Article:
Fecal Antigliadin IgA 249 (Normal Range
Fecal Antitissue Transglutaminase IgA 175 Units (Normal Range
Quantitative Microscopic Fecal Fat Score
Fecal anti-casein (cow's milk) IgA antibody 199 Units (Normal Range
HLA-DQB1 Molecular analysis, Allele 1 0301
HLA-DQB1 Molecular analysis, Allele 2 0602
Serologic equivalent: HLA-DQ 3,1 (Subtype 7,6)
The above was my son's test results. He's only 22 months, so I can't really tell you how he was feeling. His only symptoms were bumps on his cheeks and upper arms, spitting up as a baby and horrible colic in his first few months (he was/is breastfed).
However, I believe I am gluten intolerant, too, and I gave him one of those genes. I went gluten-free along with him, and my symptoms have been:
I haven't been tested, but I believe I am gluten intolerant. My 22-month old son was tested though, and it came out positive.
I had trouble getting pregnant (I didn't ovulate on my own) and we did in vitro -- I found out later that not getting a period was a major symptom of celiac disease/gluten intolerance. I went gluten free and took major supplements and I now get my period.
My son was healthy BUT he has a small "hole" at the base of his tailbone. It was scary for a while until his doctor was able to see the bottom of the hole and assure us that it wasn't a problem. An unclosed hole can indicate a problem with the spine, and even a closed hole can become infected with a cyst and require drainage. It's related to spina bifida -- and we know that spina bifida is often caused by a folic acid deficiency in the mother.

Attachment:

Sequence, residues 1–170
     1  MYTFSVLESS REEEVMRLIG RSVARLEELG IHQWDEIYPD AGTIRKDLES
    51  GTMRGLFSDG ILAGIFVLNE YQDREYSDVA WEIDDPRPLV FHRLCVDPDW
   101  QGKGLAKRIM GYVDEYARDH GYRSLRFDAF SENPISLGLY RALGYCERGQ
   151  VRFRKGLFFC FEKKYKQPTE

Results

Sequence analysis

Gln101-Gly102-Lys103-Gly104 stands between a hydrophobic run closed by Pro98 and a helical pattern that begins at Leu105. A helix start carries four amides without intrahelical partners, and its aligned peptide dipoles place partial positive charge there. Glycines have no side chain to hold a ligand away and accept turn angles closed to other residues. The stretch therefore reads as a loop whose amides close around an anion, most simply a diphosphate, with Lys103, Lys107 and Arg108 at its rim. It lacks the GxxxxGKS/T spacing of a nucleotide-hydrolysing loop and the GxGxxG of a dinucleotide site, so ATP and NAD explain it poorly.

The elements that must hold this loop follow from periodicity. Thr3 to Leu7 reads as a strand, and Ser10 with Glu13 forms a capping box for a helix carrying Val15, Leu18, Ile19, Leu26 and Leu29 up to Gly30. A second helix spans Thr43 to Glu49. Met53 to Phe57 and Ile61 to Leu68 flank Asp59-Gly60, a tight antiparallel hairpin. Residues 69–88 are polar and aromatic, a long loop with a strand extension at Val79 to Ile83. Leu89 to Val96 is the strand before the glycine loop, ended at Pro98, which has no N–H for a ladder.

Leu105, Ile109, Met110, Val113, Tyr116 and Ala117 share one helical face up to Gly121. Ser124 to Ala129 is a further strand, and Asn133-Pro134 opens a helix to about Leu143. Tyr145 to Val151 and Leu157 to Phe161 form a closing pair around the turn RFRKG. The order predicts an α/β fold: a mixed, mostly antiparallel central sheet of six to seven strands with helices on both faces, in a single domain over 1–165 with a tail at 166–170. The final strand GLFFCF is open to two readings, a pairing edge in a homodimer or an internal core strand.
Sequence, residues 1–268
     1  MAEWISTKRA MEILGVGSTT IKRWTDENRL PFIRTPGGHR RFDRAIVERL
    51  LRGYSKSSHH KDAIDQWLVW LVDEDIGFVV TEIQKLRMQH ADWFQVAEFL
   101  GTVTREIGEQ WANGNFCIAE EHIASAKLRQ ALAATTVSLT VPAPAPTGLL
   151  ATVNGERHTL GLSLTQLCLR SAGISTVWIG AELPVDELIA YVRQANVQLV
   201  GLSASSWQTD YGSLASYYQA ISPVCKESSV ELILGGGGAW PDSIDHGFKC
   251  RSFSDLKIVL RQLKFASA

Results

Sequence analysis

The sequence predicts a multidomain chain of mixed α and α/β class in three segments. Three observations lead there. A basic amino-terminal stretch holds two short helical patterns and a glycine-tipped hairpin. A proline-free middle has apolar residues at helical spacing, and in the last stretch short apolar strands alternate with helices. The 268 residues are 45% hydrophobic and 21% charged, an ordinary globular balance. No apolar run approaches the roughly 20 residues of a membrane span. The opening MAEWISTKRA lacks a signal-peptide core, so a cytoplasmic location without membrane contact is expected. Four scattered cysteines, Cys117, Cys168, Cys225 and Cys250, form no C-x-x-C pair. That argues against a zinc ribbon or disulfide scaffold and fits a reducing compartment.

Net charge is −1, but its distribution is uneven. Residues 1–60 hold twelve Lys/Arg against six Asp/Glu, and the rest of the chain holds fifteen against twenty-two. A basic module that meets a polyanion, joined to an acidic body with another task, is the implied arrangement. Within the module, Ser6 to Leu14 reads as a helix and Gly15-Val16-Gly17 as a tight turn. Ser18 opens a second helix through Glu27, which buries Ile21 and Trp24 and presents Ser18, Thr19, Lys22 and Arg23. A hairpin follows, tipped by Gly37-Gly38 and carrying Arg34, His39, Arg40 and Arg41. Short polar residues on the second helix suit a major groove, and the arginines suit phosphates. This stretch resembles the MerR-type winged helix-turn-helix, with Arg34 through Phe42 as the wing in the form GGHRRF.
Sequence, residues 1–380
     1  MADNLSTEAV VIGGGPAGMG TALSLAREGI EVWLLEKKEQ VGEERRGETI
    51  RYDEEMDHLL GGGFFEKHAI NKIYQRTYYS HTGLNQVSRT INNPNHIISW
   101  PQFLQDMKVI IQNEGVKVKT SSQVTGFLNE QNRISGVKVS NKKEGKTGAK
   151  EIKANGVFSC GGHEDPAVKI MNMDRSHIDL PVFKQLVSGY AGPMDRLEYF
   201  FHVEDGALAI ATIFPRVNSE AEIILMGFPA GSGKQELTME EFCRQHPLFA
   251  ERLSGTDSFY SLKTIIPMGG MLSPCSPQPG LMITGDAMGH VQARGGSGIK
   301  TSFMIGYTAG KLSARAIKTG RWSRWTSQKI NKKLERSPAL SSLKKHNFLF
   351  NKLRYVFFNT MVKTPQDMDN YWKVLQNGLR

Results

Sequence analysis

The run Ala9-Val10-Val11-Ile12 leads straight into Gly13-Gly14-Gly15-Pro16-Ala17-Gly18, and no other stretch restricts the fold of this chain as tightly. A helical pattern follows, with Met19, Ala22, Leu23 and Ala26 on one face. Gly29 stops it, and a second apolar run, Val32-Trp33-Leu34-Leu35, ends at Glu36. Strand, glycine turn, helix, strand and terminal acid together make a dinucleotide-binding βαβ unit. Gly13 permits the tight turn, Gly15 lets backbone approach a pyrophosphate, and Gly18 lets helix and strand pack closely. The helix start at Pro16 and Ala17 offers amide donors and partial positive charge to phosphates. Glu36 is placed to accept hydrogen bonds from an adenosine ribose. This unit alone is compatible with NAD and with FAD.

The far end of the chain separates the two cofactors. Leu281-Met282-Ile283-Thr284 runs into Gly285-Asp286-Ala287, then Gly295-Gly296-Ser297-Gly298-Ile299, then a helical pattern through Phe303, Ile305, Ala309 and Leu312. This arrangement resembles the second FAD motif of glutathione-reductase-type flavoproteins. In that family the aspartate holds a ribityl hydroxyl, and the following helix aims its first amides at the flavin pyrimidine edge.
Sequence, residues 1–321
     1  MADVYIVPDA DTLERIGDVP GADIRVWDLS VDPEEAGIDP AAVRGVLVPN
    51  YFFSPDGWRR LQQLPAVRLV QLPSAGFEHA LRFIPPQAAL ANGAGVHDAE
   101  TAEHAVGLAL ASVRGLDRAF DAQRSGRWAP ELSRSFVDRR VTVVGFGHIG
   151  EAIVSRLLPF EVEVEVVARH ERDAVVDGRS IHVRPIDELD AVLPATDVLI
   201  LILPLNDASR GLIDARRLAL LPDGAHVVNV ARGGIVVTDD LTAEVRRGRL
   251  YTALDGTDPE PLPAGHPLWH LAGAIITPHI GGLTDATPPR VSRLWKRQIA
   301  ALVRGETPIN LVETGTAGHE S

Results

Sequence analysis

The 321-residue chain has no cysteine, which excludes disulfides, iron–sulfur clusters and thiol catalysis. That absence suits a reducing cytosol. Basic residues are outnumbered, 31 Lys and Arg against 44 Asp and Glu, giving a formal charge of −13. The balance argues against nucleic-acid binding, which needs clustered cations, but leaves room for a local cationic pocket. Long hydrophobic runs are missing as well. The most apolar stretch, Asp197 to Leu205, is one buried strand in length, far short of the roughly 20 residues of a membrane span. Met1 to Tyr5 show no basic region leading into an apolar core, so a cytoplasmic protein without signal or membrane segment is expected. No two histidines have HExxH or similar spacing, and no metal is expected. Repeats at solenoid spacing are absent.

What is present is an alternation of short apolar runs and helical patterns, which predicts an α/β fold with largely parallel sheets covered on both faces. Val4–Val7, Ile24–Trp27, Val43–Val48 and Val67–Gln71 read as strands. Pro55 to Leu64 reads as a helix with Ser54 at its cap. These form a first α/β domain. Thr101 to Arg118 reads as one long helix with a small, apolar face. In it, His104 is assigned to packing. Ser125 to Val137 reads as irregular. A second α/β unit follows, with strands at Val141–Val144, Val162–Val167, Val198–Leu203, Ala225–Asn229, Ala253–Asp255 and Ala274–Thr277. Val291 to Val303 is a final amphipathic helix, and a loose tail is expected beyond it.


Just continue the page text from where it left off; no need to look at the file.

I'm sick about this, but so, so grateful it wasn't worse. PLEASE go gluten-free, for the sake of your future child. And being gluten-free may also make it easier to get pregnant in the first place.
Okay...what else has gluten in it, that I'd never expect? Sheesh.
I have not been diagnosed with celiac/GI, but my son was recently, and since he's still nursing I went gluten-free/CF too. And I do think I'm GI, since I've had all kinds of weird symptoms throughout the years (ramping up since my son was born almost two years ago).
So...tonight DH cooked chicken breasts on the charcoal grill, making sure the marinade was gluten-free because he's being very supportive of all of this. And then about an hour or two later he told me that I was mixing up my pronouns and not articulating clearly (something I've noticed on and off in the past few years).
Could that possibly be because of gluten contamination? Does it work that fast or in that manner?
We also gave our son a bath after dinner and although he's never been crazy about bathtime, he's recently been happy to get in. Not tonight. We had to practically force him to get in (actually I bribed him with something he's not usually allowed to have). He is teething, but this was noticeably unusual.